I first met Judith via the postal service when I was during my graduate studies. The late, great Anani Dzidienyo, my first mentor in Brazilian Studies, was pushing me to think about comparative ethnic relations and had heard about the first LAJSA conference. When I wrote Judith, she generously sent me copies of all the papers (this was back in the days when “sending copies” meant paying for Xerox and postage). I still remember that package showing up in my mailbox and the black binder with those papers still sits next to my desk. That package was more than one of content.  Judith was taking an important step in breaking down generational hierarchies and her generosity, even with a punk like me, is an approach still too rarely found among academics. Judith was doing more than being nice to me, she was teaching me that supporting early career scholars would keep a field alive. 

Many of the lessons that I now teach to my own students emerge from being one of Judith Elkin’s academic progeny. It is an honor for me to have this opportunity to publicly say Muito Obrigado. 


Angelina Muñiz-Huberman

Mis sentidas condolencias por el fallecimiento de Judith Laikin Elkin, una gran persona fundamental para LAJSA. La recuerdo con afecto.

Dara E. Goldman (1971-2022)

Dara E. Goldman, Associate Professor in the Department of Spanish, Italian, and Portuguese and Director of the Program in Jewish Studies and Culture at the University of Illinois at Urbana-Champaign, passed away unexpectedly on May 13, 2022 at the age of 51. She was preparing to travel to a gathering of the American Jewish Historical Society at Tulane University the following day.  One of the members of the planning committee for the AJHS meeting, dedicated to the theme of “Building Bridges in the Americas,” Dr. Goldman was also scheduled to present a paper titled “Goulash and Plátanos: Sosua and the Myth of Dominican Whiteness” which in typical fashion addressed her passionate interests in Caribbean, Jewish, Latin American, and race studies.  Dara was also putting together a special issue of Shofar on Jewishness and the Caribbean, based on a symposium she had co-organized at UIUC in 2021.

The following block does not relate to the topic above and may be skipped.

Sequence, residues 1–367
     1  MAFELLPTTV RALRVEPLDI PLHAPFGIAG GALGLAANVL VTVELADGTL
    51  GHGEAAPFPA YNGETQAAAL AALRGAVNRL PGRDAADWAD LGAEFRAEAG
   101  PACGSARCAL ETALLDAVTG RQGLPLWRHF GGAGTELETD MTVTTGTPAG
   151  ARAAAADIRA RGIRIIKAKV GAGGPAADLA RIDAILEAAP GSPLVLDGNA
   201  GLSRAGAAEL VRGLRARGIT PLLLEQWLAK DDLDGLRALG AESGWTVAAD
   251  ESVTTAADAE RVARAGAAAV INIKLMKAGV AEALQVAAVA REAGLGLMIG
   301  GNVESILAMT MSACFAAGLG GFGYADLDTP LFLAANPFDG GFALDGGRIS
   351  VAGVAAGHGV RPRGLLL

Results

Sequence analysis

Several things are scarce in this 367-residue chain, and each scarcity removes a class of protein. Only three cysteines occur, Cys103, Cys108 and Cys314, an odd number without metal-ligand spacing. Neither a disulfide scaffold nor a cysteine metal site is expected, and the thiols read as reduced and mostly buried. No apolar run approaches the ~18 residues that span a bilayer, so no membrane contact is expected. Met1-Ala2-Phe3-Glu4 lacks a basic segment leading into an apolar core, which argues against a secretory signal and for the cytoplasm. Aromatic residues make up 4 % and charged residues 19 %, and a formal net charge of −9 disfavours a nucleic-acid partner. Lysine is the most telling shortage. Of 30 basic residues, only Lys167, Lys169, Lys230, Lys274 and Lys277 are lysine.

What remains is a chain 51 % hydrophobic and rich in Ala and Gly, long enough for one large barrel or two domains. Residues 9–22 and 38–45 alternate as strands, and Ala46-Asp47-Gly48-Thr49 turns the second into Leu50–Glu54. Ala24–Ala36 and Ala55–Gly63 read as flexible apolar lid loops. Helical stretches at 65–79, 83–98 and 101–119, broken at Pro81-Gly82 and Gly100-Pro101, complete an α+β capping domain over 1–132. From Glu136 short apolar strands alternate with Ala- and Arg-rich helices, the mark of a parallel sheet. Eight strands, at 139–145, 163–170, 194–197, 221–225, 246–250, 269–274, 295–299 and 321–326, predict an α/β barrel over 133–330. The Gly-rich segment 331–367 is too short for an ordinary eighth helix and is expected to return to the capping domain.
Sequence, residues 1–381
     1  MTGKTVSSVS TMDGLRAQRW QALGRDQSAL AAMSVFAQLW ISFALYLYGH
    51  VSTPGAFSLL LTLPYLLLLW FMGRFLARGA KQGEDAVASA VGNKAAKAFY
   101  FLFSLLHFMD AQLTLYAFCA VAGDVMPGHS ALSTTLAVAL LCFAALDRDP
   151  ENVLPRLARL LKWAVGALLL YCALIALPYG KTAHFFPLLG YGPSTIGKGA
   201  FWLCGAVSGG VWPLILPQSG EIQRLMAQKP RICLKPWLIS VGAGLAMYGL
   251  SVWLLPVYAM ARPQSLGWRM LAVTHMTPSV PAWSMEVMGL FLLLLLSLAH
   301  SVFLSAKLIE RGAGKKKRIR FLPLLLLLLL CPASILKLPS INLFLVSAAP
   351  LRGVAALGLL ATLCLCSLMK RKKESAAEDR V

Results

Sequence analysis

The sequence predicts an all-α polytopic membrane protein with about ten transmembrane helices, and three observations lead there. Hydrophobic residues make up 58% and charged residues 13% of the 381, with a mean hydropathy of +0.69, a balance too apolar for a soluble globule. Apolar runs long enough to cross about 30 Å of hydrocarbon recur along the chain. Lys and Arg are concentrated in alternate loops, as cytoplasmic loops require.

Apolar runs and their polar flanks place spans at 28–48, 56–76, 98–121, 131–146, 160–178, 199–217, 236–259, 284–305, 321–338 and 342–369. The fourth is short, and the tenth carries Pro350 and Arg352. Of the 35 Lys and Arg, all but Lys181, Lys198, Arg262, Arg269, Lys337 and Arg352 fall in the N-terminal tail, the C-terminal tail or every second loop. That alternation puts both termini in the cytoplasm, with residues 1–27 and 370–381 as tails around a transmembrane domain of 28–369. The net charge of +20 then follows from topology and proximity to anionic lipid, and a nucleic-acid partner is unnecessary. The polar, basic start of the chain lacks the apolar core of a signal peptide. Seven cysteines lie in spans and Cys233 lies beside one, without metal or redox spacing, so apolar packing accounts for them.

Professor Goldman earned a B.A. in Latin American Studies (1992) and M.A. in Teaching of English to Speakers of Other Languages (1994) at Columbia University. At Emory University she received her Ph.D. in Spanish in 2000 with a dissertation titled “Lost and Found: Insularity and the Construction of Subjectivity in Hispanic Caribbean Literature,” directed by Prof. Carlos J. Alonso.  Now Dean of the Graduate School of Arts and Sciences and Morris A. and Alma Schapiro Professor in the Humanities at Columbia, Dr. Alonso recalls that “Dara’s dissertation was an attempt to underscore an overarching coherence to the field of Caribbean Studies, a difficult undertaking given the linguistic, geographic, and colonial historical differences among the countries and areas it encompasses.  Dara’s powerful proposal was to argue that the trope of insularity itself, in all its enabling and contradictory permutations, was the rhetorical scaffolding that might transcend all those divergences while respecting their idiosyncrasies. That dissertation was later turned into Out of Bounds: Islands and the Demarcation of Identity in the Hispanic Caribbean (2008), a book that is still a touchstone for any scholar who engages the Caribbean as a cultural matrix.”

Besides helming the Program in Jewish Studies and Culture since 2018, Dara also served twice at UIUC as Director of the Latin American and Caribbean Studies Center/Lemann Institute for Brazilian Studies, from 2005-2006 & 2011-2015. The recipient of numerous fellowships and research grants during her time at UIUC, she most recently was honored with the 2022 Alumna Achievement Award at Columbia University.